A collaborative effort dependent on shared goals of the owner, designer and contractor
BY CARRIE BRADLEY
create air currents from the floor below.
High-bay lighting is controlled by zoned photometric
sensors, automatically dimming or turning fixtures off
when adequate light levels are provided naturally. Room
reflectance also plays an important role in the overall
efficiency of lighting systems. High reflectance (white
or light colors) ensures lighting is directed to the work
zone, instead of being absorbed by walls and ceilings.
Reflective floors help reduce the amount of light needed,
while at the same time providing illumination under the
aircraft’s giant shadow.
Often designed as large and sprawling boxes, hangar
facilities now are shaped and sized within close tolerances
of the aircraft and are finely tuned to the operation taking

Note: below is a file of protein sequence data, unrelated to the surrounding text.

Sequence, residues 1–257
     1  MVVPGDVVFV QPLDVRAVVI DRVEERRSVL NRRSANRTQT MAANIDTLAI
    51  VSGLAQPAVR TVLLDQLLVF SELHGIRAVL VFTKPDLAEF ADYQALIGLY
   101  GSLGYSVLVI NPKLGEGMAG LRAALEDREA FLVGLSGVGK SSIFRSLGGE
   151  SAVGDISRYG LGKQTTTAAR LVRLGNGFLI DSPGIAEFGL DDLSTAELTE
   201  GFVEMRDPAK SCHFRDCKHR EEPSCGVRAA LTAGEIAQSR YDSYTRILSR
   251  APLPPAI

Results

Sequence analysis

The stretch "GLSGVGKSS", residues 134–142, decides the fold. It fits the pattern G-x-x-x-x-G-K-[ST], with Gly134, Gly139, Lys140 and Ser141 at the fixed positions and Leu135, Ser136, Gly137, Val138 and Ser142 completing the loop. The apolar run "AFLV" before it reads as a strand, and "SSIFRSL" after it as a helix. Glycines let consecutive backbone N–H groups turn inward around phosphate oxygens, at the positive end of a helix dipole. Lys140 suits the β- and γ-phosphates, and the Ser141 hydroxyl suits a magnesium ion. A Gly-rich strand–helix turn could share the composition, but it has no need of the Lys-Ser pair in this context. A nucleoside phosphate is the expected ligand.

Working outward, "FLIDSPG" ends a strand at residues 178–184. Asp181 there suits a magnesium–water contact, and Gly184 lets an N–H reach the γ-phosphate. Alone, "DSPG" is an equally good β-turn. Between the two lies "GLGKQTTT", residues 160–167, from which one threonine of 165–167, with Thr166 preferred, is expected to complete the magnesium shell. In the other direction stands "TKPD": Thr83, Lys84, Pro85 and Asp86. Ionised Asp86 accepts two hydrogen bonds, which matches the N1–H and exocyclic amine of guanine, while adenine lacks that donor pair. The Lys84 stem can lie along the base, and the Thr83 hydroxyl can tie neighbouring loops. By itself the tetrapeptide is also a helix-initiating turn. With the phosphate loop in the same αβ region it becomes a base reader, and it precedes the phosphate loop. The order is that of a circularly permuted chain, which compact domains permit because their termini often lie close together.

place. Smaller buildings and support systems translate to
direct “first-cost” savings and reduced operating costs of
mechanical, electrical and fire protection systems.
Hangar with on-site renewable energy.
Even when designed to the smallest footprint possible,
hangar roofs are still large expanses. A project under construction and on track to achieve LEED Platinum, the highest level of certification through USGBC’s rating system,
capitalized on this fact. With a sloped south exposure, the
roof was designed at the optimum angle to maximize solar
collection. The photovoltaic array clips directly to the standing seam metal roof, and is expected to convert enough electricity to operate the ventilation and lighting systems.
The general definition of a net zero energy building is a
facility that, over the course of a year, produces as much
energy as it consumes. The first and most important
step is implementing an aggressive energy conservation
program using free energy to reduce loads, followed by
efficient systems and technologies to reduce demand. The
remaining energy needs are provided through renewable
sources, often solar or wind.